I’ve never been able to come up with a catchy name for a type of song I’ve written about before. It’s not a genre in the usual sense of the word, although in the broadest definition – as a category of music – I guess you could call it a genre. But this particular genre is different than most, because it consists entirely of songs that seem to have been bouncing around in my head for as long as I can remember.
I realize that it’s not a category that applies to me alone – I’m sure everybody has songs like that – but the specific tunes themselves are unique to each person, and since I’m doing the writing here, mine are the songs that count. (I also realize that my sometimes-fuzzy memory can play a part in all this, but that’s a subject for another time.)
My common sense (another suspect facility) tells me that I probably first started hearing these songs during my childhood, either on the radio or from the stacks of platters we played on our record player. One thing I know — at least a couple of those platters featured – er – the Platters. (Sorry.) Even after more than fifty years, when I hear songs such as “Only You”, “Smoke Gets In Your Eyes”, or “The Great Pretender”, it’s as if I just heard them yesterday.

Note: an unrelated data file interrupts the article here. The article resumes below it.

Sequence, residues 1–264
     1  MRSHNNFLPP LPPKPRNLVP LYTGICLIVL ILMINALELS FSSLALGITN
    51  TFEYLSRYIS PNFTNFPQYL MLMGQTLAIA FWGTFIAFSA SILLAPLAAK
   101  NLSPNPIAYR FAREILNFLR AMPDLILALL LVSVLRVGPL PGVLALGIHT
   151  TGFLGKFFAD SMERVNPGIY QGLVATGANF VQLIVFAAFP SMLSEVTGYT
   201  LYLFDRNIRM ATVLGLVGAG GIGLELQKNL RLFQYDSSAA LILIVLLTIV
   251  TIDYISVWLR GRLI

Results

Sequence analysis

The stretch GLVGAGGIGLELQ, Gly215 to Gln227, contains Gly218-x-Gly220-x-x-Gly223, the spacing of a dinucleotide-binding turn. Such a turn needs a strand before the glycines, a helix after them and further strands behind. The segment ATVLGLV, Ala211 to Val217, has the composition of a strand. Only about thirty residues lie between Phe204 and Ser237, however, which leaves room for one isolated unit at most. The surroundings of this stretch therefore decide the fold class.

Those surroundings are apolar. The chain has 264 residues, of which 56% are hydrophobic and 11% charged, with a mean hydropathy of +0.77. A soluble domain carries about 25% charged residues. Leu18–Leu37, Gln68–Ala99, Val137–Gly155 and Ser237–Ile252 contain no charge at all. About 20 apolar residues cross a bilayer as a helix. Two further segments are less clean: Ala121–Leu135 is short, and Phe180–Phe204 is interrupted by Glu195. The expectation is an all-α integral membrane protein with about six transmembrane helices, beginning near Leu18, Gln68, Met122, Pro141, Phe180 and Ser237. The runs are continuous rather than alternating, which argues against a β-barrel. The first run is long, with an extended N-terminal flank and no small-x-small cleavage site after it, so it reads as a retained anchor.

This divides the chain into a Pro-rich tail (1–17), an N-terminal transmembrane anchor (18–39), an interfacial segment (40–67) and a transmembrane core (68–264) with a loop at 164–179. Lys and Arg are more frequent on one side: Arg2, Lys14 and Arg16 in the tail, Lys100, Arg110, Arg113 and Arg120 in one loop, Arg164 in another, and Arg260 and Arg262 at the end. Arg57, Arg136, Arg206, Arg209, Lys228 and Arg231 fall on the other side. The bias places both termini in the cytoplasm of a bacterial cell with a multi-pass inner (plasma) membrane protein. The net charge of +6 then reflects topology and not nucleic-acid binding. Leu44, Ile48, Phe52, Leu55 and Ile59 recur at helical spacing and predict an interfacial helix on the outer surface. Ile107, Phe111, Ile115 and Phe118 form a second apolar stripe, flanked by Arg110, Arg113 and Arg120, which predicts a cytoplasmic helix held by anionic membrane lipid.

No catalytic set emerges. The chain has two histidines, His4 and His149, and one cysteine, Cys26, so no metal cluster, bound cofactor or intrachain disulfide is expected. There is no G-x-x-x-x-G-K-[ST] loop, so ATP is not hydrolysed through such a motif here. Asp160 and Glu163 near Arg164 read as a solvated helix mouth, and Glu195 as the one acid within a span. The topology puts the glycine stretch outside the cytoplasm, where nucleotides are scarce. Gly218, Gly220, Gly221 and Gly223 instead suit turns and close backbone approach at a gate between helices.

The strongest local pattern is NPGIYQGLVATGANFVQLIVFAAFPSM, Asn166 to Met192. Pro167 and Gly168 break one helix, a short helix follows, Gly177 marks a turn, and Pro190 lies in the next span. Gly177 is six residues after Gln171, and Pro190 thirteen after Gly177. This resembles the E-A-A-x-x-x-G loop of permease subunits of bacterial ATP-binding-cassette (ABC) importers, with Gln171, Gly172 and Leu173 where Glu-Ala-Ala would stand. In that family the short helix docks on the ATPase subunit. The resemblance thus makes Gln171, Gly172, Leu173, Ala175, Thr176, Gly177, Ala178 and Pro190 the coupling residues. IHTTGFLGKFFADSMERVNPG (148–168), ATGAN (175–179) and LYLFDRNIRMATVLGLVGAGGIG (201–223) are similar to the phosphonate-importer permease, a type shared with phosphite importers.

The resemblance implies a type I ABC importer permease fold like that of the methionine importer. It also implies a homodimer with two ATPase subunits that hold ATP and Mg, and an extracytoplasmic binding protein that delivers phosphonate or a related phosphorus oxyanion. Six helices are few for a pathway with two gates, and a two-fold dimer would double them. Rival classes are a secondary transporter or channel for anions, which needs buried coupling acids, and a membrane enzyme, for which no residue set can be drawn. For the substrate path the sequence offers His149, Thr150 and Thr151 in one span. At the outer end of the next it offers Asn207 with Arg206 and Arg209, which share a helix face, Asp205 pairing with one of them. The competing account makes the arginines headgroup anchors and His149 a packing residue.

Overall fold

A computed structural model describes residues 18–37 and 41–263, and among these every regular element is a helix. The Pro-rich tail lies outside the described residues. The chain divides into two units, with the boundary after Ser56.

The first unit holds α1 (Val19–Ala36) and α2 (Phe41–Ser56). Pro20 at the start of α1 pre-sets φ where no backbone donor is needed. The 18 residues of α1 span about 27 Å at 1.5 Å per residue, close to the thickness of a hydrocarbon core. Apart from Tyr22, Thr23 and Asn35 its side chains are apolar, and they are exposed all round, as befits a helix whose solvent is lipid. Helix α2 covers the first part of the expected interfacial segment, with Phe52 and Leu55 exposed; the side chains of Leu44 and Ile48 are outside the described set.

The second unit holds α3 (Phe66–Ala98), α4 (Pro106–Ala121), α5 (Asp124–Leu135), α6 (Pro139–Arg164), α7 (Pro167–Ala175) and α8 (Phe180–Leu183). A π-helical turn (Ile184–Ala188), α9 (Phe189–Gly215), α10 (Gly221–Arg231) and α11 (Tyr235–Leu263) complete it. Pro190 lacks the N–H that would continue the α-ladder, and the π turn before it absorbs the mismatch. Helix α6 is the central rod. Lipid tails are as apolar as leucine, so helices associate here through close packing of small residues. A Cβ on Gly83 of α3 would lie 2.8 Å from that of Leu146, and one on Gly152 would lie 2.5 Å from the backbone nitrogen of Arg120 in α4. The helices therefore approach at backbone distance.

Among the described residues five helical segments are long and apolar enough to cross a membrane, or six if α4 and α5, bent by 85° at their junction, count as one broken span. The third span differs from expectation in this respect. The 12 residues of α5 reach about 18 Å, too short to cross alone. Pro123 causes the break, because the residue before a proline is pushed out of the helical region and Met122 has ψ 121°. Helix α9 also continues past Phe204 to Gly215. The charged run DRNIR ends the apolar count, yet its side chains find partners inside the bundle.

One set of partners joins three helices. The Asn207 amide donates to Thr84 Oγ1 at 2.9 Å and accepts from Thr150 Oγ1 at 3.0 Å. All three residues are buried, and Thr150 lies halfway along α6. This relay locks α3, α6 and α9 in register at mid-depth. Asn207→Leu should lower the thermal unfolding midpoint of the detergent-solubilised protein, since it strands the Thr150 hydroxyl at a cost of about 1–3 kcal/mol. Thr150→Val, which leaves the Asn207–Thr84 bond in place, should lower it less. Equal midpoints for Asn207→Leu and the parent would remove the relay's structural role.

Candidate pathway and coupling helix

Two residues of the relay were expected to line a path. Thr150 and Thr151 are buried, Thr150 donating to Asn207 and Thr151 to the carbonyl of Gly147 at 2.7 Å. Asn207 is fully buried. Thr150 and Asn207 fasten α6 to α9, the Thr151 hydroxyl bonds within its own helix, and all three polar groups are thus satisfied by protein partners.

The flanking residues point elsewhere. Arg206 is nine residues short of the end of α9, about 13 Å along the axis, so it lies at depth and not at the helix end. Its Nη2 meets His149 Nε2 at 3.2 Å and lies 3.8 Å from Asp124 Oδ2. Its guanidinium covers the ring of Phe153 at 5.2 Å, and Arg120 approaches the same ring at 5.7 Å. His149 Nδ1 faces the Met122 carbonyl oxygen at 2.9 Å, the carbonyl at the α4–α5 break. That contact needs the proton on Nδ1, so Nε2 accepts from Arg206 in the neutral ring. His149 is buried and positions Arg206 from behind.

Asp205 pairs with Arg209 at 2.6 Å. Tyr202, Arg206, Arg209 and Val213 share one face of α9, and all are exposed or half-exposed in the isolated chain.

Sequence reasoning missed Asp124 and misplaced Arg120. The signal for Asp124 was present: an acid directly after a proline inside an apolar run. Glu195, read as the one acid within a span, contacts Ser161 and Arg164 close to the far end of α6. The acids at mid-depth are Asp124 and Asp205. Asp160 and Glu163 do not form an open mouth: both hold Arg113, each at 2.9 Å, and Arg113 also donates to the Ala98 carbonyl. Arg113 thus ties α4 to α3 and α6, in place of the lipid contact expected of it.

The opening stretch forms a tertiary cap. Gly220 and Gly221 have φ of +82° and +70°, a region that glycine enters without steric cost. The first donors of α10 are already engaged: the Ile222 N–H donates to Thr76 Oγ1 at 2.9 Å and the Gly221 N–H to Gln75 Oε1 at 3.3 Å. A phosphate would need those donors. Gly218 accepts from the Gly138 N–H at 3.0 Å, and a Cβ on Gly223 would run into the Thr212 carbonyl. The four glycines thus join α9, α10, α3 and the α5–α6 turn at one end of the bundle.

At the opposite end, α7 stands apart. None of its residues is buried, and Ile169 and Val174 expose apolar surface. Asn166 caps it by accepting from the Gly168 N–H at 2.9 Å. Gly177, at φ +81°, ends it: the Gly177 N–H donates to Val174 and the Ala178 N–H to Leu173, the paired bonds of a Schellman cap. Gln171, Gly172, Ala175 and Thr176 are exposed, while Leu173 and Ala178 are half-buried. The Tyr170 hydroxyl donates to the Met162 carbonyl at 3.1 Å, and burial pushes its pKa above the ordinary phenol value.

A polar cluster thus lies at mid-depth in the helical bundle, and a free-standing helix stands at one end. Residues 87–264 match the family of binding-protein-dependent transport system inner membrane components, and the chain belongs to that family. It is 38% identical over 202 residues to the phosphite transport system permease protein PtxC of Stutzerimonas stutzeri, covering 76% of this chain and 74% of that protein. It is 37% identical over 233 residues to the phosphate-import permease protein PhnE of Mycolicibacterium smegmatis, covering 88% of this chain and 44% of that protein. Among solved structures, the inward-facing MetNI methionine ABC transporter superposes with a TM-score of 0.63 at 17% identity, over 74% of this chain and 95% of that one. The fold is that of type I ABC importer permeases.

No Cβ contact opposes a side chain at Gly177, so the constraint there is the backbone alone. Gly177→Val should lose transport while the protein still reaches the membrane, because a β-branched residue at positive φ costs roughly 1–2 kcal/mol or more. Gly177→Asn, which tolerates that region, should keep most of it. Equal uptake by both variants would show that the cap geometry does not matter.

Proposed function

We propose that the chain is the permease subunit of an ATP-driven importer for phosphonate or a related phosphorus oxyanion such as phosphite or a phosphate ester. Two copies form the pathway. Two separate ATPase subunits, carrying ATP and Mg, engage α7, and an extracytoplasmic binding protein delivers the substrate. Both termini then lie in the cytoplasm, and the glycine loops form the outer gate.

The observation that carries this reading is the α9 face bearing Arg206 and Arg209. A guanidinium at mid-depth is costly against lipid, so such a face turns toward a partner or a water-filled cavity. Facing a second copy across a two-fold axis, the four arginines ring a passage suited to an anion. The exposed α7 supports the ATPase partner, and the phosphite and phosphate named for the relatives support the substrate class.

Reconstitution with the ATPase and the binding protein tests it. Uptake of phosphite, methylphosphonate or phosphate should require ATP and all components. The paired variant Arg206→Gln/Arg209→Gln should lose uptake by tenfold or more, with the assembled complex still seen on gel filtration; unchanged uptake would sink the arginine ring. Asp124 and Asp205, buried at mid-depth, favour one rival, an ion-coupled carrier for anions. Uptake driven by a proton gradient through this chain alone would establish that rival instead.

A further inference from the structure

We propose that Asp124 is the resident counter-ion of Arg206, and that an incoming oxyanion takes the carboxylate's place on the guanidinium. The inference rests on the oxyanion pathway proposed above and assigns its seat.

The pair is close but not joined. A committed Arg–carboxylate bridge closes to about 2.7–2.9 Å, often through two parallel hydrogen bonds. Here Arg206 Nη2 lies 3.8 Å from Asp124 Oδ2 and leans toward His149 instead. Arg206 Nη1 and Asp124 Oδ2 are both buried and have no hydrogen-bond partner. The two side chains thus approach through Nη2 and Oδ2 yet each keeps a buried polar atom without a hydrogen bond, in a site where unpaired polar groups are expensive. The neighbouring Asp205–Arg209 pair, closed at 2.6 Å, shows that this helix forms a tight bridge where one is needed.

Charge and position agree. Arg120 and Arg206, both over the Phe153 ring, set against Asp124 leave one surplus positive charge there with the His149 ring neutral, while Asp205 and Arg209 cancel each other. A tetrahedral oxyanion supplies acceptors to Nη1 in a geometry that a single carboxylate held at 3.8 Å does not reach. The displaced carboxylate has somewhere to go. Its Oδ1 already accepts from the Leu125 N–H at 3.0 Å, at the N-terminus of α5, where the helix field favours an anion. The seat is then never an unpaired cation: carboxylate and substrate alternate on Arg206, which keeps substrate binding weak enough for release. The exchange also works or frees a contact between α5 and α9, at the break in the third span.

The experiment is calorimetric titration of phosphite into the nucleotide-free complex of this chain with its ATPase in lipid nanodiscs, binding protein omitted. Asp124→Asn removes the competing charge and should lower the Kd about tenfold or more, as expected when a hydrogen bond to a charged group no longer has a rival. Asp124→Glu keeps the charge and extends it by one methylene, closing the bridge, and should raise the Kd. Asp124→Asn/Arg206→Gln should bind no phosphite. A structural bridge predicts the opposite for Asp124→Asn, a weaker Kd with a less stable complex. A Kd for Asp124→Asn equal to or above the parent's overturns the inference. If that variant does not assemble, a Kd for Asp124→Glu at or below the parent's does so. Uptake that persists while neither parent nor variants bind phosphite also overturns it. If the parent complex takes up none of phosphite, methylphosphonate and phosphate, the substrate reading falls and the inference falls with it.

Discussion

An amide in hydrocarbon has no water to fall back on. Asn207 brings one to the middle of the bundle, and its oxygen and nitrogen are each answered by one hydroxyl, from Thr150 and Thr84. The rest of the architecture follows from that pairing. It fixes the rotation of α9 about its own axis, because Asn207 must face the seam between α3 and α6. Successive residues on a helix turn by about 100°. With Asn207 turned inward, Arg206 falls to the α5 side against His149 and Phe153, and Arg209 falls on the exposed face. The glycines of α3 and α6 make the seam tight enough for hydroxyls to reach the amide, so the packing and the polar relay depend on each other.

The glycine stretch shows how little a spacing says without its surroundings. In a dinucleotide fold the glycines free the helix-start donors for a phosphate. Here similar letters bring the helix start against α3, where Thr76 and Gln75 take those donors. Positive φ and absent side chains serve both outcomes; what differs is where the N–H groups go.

Doo-wop is a term used by some to describe early R&B singing groups, but others feel that it applies only to specific types — and some don’t much care for the term at all. Whatever your feelings, the fact remains that the Platters were one of the best of those groups, especially on romantic ballads. Their precision harmonizing was almost hypnotic, and they became one of the biggest successes of the 1950’s, transcending any discussion of their doo-wopism. (Like that word? Just invented it.)
The Platters went through some changes in the early years, but the group that made it big in the mid 1950’s included lead tenor Tony Williams, joined by Zola Taylor, Paul Robi, Herb Reed, and David Lynch. The force behind the group was Buck Ram, who wore a lot of hats, including manager, songwriter, producer, and mentor. Under his guidance, the group had a string of hits that also included “Twilight Time”, “Harbor Lights”, and many others.
The group continued to be successful for many years through many personnel changes, with ex-members setting up competing Platters groups. It’s continued to the present day, and the group has become a sort of franchise, blanketing the oldies tour circuit with countless versions of itself — all billed as The Original Platters. Gotta love it.